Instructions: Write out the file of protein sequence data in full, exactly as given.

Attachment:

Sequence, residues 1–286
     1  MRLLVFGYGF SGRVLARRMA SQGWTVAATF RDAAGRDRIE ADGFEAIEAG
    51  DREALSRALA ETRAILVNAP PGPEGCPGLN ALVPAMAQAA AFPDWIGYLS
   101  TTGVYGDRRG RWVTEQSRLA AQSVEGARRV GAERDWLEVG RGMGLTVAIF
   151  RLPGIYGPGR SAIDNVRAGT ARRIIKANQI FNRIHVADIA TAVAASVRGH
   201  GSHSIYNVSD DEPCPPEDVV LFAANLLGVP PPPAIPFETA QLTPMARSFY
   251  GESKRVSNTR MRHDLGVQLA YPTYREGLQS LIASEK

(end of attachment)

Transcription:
Sequence, residues 1–286
     1  MRLLVFGYGF SGRVLARRMA SQGWTVAATF RDAAGRDRIE ADGFEAIEAG
    51  DREALSRALA ETRAILVNAP PGPEGCPGLN ALVPAMAQAA AFPDWIGYLS
   101  TTGVYGDRRG RWVTEQSRLA AQSVEGARRV GAERDWLEVG RGMGLTVAIF
   151  RLPGIYGPGR SAIDNVRAGT ARRIIKANQI FNRIHVADIA TAVAASVRGH
   201  GSHSIYNVSD DEPCPPEDVV LFAANLLGVP PPPAIPFETA QLTPMARSFY
   251  GESKRVSNTR MRHDLGVQLA YPTYREGLQS LIASEK